(1) 17…Ne5 18.Bb2 Nxd2 19.Qxd2 d4 (19…Qxb3 20.Bxe5 Rxe5 21.Rab1 followed by Bxd5 with an edge for White) 20.exd4 Bxg2 21.dxe5 Ba8 22.Re3 with an unclear position.

(2) 17…Ba8 18.Bxe4! (The point that Spleeman had missed; it looks wrong to give up the white-square bishop, but Black has no way of exploiting the weakened kingside.)]

17…Ba8 18.Bd2? [But now White goes really wrong. This was the last chance to play 18.Nd2! and after 18…Ne5 (18…Qa5 19.Bxe4! dxe4 20.Bb2 is similar to line 1 above) 19.Bb2 Nxd2 20.Qxd2 Qxb3 21.Bxe5 Qxb1 22.Bxb8 Qxb8 23.Bxd5 with just an edge for Black.] 18…a5! (This leaves White with few constructive moves, while Black can still improve his position.) 19.Red1 d4 20.Re1 [Mission accomplished! 20.exd4 Nxd4 21.Nxd4 cxd4 (threat …d3) 22.Re1 Ng5! is very good for Black.] 20…Nxd2 21.Qxd2 a4?! (Tempting, but not the best. 21…c4 22.exd4 Rxe1+ 23.Qxe1 cxb3 24.d5 Na7 25.Ne5 is also far from clear, but Black should have prepared the simple line 21…dxe3 22.Rxe3 Rxe3 23.Qxe3 Nd4 when White’s tactics fail, for example 24.Ne5 Bxg2 25.Nd7 Qd8 26.Nxb8 Ba8 or 24.Re1 h6 25.Ne5 Bxg2 26.Nd7 Qd6 27.Nxb8 Bb7 and Black wins in both cases. Therefore, White would have to swap on d4, but this gives Black a slight advantage in the queen and rook ending.) 22.exd4 Rxe1+ 23.Qxe1? (This move justifies Black play. 23.Rxe1 axb3 24.Qe3 attacks e8 and c5, with a completely unclear position.) 23…axb3 (White is in a desperate situation and seizes the only available chance.) 24.d5 Nd4 25.Nxd4 cxd4 26.Qe7? [26.Qb4! is the only move to stay in the game. 26…Qxb4 27.axb4 Rxb4 28.d6 Bxg2 29.d7 Rb8 30.Rxb3 Rd8 31.Kxg2 f5 (31…Kf8 32.Kf3 Rxd7 33.Ke4 regains the pawn) 32.Rb7 Kf7 33.Kf3 Ke6 34.Ke2 leads to a draw, so Black’s best line is 26…Qa7! 27.Qc4 Qxa3 28.Qxd4 b2 29.Be4 Qa2, although this only gives him a slightly better position.] 26…h6 (26…g6 is also reasonable, but there is no reason to criticise Black’s play yet.) 27.d6 Bxg2 28.Kxg2 Qc6+ 29.Kh3 [29.Kg1 looks bad, but after 29…b2 30.d7 the obvious methods do not work, for example 30…Qc1+ 31.Qe1 Qxe1+ 32.Rxe1 Kf8 (32…b1=Q 33.d8=Q+) 33.Kg2 d3 34.Kf3 d2 35.Rb1 Ke7 36.Ke2 and White defends. However, 30…Kh7! is very strong, with the deadly threat of 31…Qc1+ 32.Qe1 Qxe1+ 33.Rxe1 b1=Q 34.b1=Q and White’s promotion is not check.]

29…Rb7! (The best move since 29…Re8 achieves nothing after 30.Qc7!) 30.Rc1 Qf3 [The only way to stay in the game. 30…Qxc1 31.Qxb7! (not 31.Qe8+ Kh7 32.Qe4+ f5 33.Qxb7 b2 34.d7 b1=Q 35.Qxb1 Qxb1 36.d8=Q Qf1+ and Black wins) 31…Qf1+ 32.Kg4 Qe2+ 33.Kh3 Qe6+ 34.Kg2 Qxd6 35.Qxb3 is better for Black, but not a clear win, so Seirawan tries for more.] 31.Rc7 Rb8 32.d7 Kh7! (Seirawan plays very accurately, but these moves took a toll on his clock.) 33.Rc1 [Not 33.Qe8 Rxe8 34.dxe8=Q Qf5+ (34…b2? 35.Qb5) 35.Kg2 b2 36.Rxf7 Qd5+ and Black wins. The rook retreat looks like capitulation, but it sets Black the maximum problems.] 33…b2 34.Re1? [This should have lost instantly, but even the superior 34.Rf1 doesn’t last long after 34…Qf5+ 35.Kg2 Qd5+ 36.f3 (36.Kh3 d3 37.Qe8 Qe6+) 36…b1=Q 37.Rxb1 Rxb1 38.d8=Q Rb2+ 39.Kg1 Qxf3, mating.] 34…Qd5? (A poor move which makes the win much harder. 34…Qxf2! was the killer.) 35.Qe8 Qd6? (Black could have still won by 35…Qb5!, but by now the decision was going to be made by the clock.) 36.Rb1 Qb6?? (Seirawan plays for a win by inertia and as a result he loses. The best move was 36…Qe6+, heading for a draw.) 37.Qxf7 (Suddenly Black is in big trouble. His only chance is 37…Qg6, but the sudden reversal is too much for Black and he collapses.) 37…Qd8? 38.Qf5+ Kh8 39.Qe6 d3 40.Rxb2 1-0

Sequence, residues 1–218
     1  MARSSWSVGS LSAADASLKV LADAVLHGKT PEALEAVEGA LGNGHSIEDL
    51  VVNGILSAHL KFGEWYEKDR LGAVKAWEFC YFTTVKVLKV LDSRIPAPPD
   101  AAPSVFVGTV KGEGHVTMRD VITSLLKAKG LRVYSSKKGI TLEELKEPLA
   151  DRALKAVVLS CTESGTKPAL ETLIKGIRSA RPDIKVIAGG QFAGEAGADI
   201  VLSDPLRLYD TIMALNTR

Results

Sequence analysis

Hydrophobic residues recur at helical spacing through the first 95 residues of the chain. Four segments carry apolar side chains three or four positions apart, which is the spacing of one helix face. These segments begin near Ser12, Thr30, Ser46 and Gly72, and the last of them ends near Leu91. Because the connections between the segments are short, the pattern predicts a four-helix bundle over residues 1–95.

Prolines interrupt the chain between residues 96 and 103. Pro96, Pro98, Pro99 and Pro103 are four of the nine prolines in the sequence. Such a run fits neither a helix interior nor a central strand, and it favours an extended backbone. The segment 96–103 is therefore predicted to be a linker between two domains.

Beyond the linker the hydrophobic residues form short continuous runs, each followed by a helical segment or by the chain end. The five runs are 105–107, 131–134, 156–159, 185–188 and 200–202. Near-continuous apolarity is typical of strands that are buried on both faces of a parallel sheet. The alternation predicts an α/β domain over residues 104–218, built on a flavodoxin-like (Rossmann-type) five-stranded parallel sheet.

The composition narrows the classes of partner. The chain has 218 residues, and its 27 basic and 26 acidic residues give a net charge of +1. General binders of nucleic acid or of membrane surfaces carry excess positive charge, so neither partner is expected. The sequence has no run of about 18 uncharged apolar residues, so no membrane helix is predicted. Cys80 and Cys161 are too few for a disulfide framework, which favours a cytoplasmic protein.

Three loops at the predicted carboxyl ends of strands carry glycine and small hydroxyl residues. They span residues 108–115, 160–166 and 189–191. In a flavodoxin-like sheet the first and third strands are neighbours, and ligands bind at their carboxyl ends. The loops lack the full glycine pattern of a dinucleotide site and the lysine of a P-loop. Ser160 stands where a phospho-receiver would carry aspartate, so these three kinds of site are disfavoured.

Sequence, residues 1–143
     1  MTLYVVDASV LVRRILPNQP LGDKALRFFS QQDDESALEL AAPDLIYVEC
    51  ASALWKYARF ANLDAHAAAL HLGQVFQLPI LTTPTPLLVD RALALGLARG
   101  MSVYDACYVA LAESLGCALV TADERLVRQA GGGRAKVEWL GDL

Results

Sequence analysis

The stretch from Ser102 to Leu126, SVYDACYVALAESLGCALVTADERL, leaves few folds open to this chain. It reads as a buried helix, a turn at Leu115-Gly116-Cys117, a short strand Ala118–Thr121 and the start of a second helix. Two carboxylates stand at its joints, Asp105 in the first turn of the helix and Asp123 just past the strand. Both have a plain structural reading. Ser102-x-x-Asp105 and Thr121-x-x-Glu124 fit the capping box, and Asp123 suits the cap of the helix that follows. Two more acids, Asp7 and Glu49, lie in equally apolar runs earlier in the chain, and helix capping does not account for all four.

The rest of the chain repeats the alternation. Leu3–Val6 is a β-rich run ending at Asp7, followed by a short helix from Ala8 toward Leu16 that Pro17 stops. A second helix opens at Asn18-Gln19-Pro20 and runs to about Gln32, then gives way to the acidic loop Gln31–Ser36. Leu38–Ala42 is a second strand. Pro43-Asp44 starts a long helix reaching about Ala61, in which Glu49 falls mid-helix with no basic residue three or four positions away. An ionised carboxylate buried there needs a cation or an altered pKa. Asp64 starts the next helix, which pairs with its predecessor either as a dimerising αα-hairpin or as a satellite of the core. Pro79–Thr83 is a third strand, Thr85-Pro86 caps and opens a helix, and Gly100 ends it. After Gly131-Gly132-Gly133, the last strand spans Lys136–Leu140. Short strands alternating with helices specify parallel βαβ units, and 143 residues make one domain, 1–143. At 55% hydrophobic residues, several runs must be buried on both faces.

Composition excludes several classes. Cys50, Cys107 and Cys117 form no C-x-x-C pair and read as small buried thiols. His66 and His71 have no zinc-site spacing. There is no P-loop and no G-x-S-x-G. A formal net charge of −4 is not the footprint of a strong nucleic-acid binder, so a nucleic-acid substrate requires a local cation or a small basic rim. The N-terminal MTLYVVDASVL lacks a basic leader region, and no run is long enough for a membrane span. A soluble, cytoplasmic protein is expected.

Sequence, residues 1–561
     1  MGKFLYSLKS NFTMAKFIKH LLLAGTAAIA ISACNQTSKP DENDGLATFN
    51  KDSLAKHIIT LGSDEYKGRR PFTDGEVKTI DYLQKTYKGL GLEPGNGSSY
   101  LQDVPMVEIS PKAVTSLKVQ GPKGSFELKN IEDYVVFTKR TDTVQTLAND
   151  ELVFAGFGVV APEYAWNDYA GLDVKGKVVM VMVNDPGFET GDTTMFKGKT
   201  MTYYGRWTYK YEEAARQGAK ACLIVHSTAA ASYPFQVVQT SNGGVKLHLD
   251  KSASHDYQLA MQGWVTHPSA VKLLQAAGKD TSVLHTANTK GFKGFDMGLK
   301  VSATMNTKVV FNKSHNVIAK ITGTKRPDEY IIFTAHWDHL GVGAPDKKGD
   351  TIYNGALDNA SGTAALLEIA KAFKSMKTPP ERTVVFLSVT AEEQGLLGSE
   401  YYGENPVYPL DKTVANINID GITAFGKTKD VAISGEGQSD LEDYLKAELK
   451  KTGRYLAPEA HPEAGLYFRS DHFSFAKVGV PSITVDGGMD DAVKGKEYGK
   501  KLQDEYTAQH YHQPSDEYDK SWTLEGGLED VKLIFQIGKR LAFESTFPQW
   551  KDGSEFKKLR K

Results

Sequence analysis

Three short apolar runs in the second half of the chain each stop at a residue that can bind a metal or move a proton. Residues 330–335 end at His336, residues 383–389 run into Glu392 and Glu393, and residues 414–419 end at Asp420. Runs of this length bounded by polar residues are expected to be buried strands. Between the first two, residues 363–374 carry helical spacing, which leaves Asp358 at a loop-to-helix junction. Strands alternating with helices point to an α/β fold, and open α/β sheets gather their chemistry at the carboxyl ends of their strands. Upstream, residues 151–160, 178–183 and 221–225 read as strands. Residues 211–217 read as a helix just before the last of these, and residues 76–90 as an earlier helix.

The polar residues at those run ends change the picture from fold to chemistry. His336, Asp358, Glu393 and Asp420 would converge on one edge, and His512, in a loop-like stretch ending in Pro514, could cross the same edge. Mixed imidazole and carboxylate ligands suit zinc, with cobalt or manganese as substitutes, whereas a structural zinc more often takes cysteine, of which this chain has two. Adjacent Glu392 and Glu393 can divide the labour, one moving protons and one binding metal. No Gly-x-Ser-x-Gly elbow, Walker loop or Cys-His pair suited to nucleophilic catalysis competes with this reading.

The “Lesser” Bishop Gambit?

Most chess players know the moves leading to the Bishop Gambit (1.e4 e5 2.f4 exf4 3.Bc4). But how many of them know the moves leading to the “Lesser” Bishop Gambit?

Well, the moves are 1.e4 e5 2.f4 exf4 3.Be2. The main ideas seem to be preventing Black from checking on the e-file and placing the bishop on a square where it could not be easily taken or exchanged.

It seems strange that a player who would play a risky, tactically filled, opening, would want to play conservatively so soon in the game.

Nevertheless, we have this gambit.

So, let’s do a little research into it.

Black has several ways of responding to 3.Be2.

At the start, 3…Nf6 might seem to be a reasonable move. After all, it develops a piece and makes it easier for Black to castle. But after 4.e5, it is White that gains the advantage.

1.e4 e5 2.f4 exf4 3.Be2 Nf6 4.e5

John Shaw-IM Peter Wells
London, 1993
1.e4 e5 2.f4 exf4 3.Be2 Nf6 4.Nc3 d5 5.e5 Ne4 6.Nf3 Nc6 7.d3 Nxc3 8.bxc3 d4 9.O-O dxc3 10.d4 Bg4 11.Bb5 Qd5 12.Bxc6+ bxc6 13.Bxf4 c5 14.Be3 Rd8 15.dxc5 Bxc5 16.Qe1 Qc4 17.Rb1 O-O 18.Rb3 Bxf3 19.Rxc3 Qg4 20.Rxf3 Bb4 21.Rg3

21…Rd1 0-1

Philippe Jaulin-Frederic Coudray
Avoine Open, 1996
1.e4 e5 2.f4 exf4 3.Be2 Nf6 4.e5 Ne4 5.Nf3 Nc6 6.d3
(A move that is often overlooked.) 6…Ng5 7.Bxf4 Nxf3+ 8.Bxf3 d6 9.Bxc6+ bxc6 10.O-O (Even better is 10.Qf3! as White gains a tempo or two.) 10…dxe5 11.Bxe5 Bd6? 12.Bxg7! Qh4 13.Qe2+ [Black’s best is 13…Be6. (not 13…Kd7? 14.Rxf7+). But even stronger is 13.Qe1+! as 13..Qxe1 14.Rxe1+ is check and the White’s has the attack and the material advantage.] 1-0